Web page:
Posts tagged ‘Culture’

November 26, 2015

Le Grande Thanksgiving —

by C. Michael Eliasz-Solomon

By Art Buchwald

Le Grande Thanksgiving

ThanksgivingOne of our most important holidays is Thanksgiving Day, known in France as le Jour de Merci Donnant .
Le Jour de Merci Donnant was first started by a group of Pilgrims ( Pelerins ) who fled from l’Angleterre before the McCarran Act to found a colony in the New World ( le Nouveau Monde ) where they could shoot Indians ( les Peaux-Rouges ) and eat turkey ( dinde ) to their hearts’ content.


They landed at a place called Plymouth (now a famous voiture Americaine ) in a wooden sailing ship called the Mayflower (or Fleur de Mai ) in 1620. But while the Pelerins were killing the dindes, the Peaux-Rouges were killing the Pelerins, and there were several hard winters ahead for both of them. The only way the Peaux-Rouges helped the Pelerins was when they taught them to grow corn ( mais ). The reason they did this was because they liked corn with their Pelerins.

In 1623, after another harsh year, the Pelerins’ crops were so good that they decided to have a celebration and give thanks because more mais was raised by the Pelerins than Pelerins were killed by Peaux-Rouges. Every year on the Jour de Merci Donnant, parents tell their children an amusing story about the first celebration. It concerns a brave capitaine named Miles Standish (known in France as Kilometres Deboutish) and a young, shy lieutenant named Jean Alden. Both of them were in love with a flower of Plymouth called Priscilla Mullens (no translation). The vieux capitaine said to the jeune lieutenant :

“Go to the damsel Priscilla ( allez tres vite chez Priscilla), the loveliest maiden of Plymouth ( la plus jolie demoiselle de Plymouth). Say that a blunt old captain, a man not of words but of action ( un vieux Fanfan la Tulipe ), offers his hand and his heart, the hand and heart of a soldier. Not in these words, you know, but this, in short, is my meaning.
“I am a maker of war ( je suis un fabricant de la guerre ) and not a maker of phrases. You, bred as a scholar ( vous, qui tes pain comme un tudiant ), can say it in elegant language, such as you read in your books of the pleadings and wooings of lovers, such as you think best adapted to win the heart of the maiden.”

Although Jean was fit to be tied ( convenable tre emballe ), friendship prevailed over love and he went to his duty. But instead of using elegant language, he blurted out his mission. Priscilla was muted with amazement and sorrow ( rendue muette par l’tonnement et las tristesse ).
At length she exclaimed, interrupting the ominous silence: “If the great captain of Plymouth is so very eager to wed me, why does he not come himself and take the trouble to woo me?” ( Ou est-il, le vieux Kilometres? Pourquoi ne vient-il pas aupres de moi pour tenter sa chance ?)

Jean said that Kilometres Deboutish was very busy and didn’t have time for those things. He staggered on, telling what a wonderful husband Kilometres would make. Finally Priscilla arched her eyebrows and said in a tremulous voice, “Why don’t you speak for yourself, Jean?” ( Chacun a son gout. )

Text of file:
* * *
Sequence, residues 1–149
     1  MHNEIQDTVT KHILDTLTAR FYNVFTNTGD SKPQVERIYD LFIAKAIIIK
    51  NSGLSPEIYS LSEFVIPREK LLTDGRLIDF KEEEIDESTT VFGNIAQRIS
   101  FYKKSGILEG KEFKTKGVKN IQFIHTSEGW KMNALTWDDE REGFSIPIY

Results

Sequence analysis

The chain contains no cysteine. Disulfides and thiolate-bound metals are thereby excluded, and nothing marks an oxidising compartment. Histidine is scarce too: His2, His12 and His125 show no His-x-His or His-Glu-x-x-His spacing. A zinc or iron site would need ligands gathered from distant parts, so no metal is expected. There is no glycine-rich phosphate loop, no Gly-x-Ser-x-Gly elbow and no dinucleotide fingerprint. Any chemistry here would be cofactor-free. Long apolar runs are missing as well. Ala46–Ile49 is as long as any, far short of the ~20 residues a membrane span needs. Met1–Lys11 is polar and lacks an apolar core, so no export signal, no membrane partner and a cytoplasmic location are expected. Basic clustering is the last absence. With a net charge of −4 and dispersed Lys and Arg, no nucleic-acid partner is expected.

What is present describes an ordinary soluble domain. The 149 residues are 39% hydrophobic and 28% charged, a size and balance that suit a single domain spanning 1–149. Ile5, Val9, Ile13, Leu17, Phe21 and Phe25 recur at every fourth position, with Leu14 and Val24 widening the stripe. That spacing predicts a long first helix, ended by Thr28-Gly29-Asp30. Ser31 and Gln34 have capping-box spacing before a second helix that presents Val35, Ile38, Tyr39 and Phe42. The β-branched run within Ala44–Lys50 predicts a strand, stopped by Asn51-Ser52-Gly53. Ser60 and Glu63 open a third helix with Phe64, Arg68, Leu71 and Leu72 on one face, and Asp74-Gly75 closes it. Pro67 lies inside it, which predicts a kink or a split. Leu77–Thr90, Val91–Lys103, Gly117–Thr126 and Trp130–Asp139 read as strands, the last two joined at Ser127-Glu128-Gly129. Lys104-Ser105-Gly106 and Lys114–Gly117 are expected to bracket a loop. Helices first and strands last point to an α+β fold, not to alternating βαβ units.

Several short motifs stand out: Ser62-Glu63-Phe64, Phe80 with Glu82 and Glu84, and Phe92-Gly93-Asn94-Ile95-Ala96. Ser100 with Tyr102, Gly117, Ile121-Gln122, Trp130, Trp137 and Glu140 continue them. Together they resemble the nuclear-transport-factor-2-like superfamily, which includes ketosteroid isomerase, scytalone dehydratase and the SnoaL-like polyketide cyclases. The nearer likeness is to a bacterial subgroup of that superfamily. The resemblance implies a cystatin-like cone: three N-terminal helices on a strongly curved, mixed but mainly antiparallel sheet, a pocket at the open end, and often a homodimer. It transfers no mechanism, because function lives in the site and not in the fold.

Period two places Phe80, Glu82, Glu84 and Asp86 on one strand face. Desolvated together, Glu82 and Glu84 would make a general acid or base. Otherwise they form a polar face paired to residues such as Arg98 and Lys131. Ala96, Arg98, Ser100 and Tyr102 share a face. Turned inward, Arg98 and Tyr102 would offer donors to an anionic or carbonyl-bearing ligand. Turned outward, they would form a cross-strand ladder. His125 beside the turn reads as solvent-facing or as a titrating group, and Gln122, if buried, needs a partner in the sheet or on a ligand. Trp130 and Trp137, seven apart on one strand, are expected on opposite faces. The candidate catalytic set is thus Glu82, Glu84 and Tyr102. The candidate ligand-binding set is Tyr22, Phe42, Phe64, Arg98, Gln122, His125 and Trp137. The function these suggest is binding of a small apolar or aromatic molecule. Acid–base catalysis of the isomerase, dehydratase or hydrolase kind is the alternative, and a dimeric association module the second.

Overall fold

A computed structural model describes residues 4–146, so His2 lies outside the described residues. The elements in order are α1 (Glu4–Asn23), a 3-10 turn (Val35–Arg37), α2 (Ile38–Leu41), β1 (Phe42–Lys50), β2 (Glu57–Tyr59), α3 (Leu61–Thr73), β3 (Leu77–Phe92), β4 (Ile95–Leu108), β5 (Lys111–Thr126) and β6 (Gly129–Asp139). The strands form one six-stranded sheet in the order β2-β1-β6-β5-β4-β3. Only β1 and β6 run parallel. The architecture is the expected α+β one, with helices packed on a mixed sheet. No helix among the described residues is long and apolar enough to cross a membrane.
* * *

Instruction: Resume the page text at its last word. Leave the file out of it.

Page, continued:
And so, on the fourth Thursday in November, American families sit down at a large table brimming with tasty dishes and, for the only time during the year, eat better than the French do.

No one can deny that le Jour de Merci Donnant is a grande fête and no matter how well fed American families are, they never forget to give thanks to Kilometres Deboutish, who made this great day possible.

wishes my blog readers a blessed & joyeux Thanksgiving!

February 21, 2012

Pączki Day – A Fat Tuesday Remembrance — #Polish, #Culture

by C. Michael Eliasz-Solomon

Pączki Day – In the Detroit area suburbs, we always waited for Fat Tuesday to come around. Because, on the last day of Mardis Gras (Fat Tuesday) we would queue up in long lines — typically at an Oaza Bakery to buy our Pączki Donuts.

Now it has been over two decades since then and we do not have any Oaza Bakeries out here on the East Coast and there are few and far between Polish bakeries/delis of any kind around and none near where I live. I used to buy a few dozen Pączki Donuts and bring them into work to introduce the non-Poles to some Polish culture. Always a hit!


Tomorrow, Ash Wednesday,  is the beginning of the austere Lenten season. The forty day season of preparation celebrating the arrival of God’s Good News & Holy Spirit  into our midst that culminates in Easter. Alleluia !


I miss the Pączki Donuts. Fastnachts are just not the same. One year, I thought I would make Pączki Donuts for the family, so I gathered an authentic,  “Old Busia”, recipe and bought a fryer and made my dough for the Pączki.   I picked out my favorite fruit fillings and fried my little masterpieces and sprinkled the warm donuts with powdered sugar.  These were passable  substitutes for the beloved Polish culture that I had left behind in MI. For a few years I carried proudly my scar of an oil burn caused by one of my over zealous little Pączki helpers. The scar has long since disappeared, but the memory remains.


Have A Blessedly Happy Lenten Season Everyone!


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